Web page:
Say the poeple who
out sourced everything to China to boost their stock options.
The leaders of Cisco, GE, and Xerox are worried that the US is losing its competitive edge, and that it's high time to stop grandstanding and do something about it. "I'm optimistic, but I think that's partly because that's in my DNA, but I think we're at an inflection point, unfortunately," warned Cisco chairman and CEO John …
Outsourcing is a symptom, unlike what a lot of Leftist people believe. This happens when a political environment makes a hostile business environment, especially when we have a bunch of non-working low-life college cronies seethingly spitting and hissing that corporations are the cause for all the ails of our society.
The US has had education steadfastly in the hands of the Leftist Academia Machine and look where it's gotten us. We focus more on Pop Culture Lady Gag bullshit instead of important things like math and science. We dumb down our children and tell them that their answers are correct when they are not. On top of that we take power away from parents by telling them their children are property of the State when in school and then frustrate them with tons of homework and blame it on parents when their children don't perform well.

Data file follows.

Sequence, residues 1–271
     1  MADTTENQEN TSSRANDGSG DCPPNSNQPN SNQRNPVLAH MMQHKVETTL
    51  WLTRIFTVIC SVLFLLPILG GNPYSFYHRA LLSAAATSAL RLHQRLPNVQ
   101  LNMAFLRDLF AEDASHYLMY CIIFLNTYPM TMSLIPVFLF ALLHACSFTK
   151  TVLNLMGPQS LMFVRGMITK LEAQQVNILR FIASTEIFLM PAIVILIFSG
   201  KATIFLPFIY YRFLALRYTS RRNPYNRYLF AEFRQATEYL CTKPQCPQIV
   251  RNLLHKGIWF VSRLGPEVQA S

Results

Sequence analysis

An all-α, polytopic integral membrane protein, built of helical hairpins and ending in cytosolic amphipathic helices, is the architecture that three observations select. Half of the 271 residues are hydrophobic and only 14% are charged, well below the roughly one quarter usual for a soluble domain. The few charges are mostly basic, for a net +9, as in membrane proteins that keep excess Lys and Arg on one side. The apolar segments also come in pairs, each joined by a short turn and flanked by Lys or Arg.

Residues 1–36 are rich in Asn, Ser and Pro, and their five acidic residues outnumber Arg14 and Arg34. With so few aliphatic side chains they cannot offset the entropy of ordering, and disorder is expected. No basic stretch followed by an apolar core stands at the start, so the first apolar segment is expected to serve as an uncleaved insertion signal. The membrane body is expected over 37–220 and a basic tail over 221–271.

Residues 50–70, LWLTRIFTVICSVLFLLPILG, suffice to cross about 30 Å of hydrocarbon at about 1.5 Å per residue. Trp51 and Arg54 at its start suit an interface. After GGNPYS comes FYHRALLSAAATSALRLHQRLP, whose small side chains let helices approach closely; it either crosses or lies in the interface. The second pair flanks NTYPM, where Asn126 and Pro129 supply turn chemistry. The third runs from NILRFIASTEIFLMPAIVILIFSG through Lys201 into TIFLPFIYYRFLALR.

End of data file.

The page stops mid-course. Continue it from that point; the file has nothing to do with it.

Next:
If I was a big corporation in the US, I would definitely outsource and say F-U to all you whining miscreants who don't contribute anything useful to society.
Let the down thumbs roll in.
...who exactly is 'seethingly spitting and hissing'?
You seem like a typical Ayn Rand, Milton Friedman apologist who has to introduce the bullsh*t left / right paradigm in order to say anything?
Central Banks, Corporations, Debt, Government... what is the connection? Answer this and I think you may just see the world anew little goyim!
Any technology based country needs technologists and currently the US is not producing enough.
The free market in education leads to universities offering courses that attract high fee paying students. This skews the system towards privileged but dumb over the poor but bright. It also pushes courses for the rich and rapacious over the gifted but disaffected. In other words it pumps out sports scientists and lawyers instead of pure science graduates and engineers. If you give people free choice they will choose the glamour or the easy option especially if the doting parents are paying.
Throwing out trite 'sound bites' does not make you sound informed. Your feeble attempts at political argument only go to prove what the article is saying.
Frankly, I found myself challenged to follow your thought process. I had to read your statement 3 times before fully understanding the angle you attempted to take.
I haven't lived in the U.S. for the past 12 years, instead I live in Norway where the educational level is among the top in the western countries. I feel that people here still have a long way to go before reaching acceptable levels of education.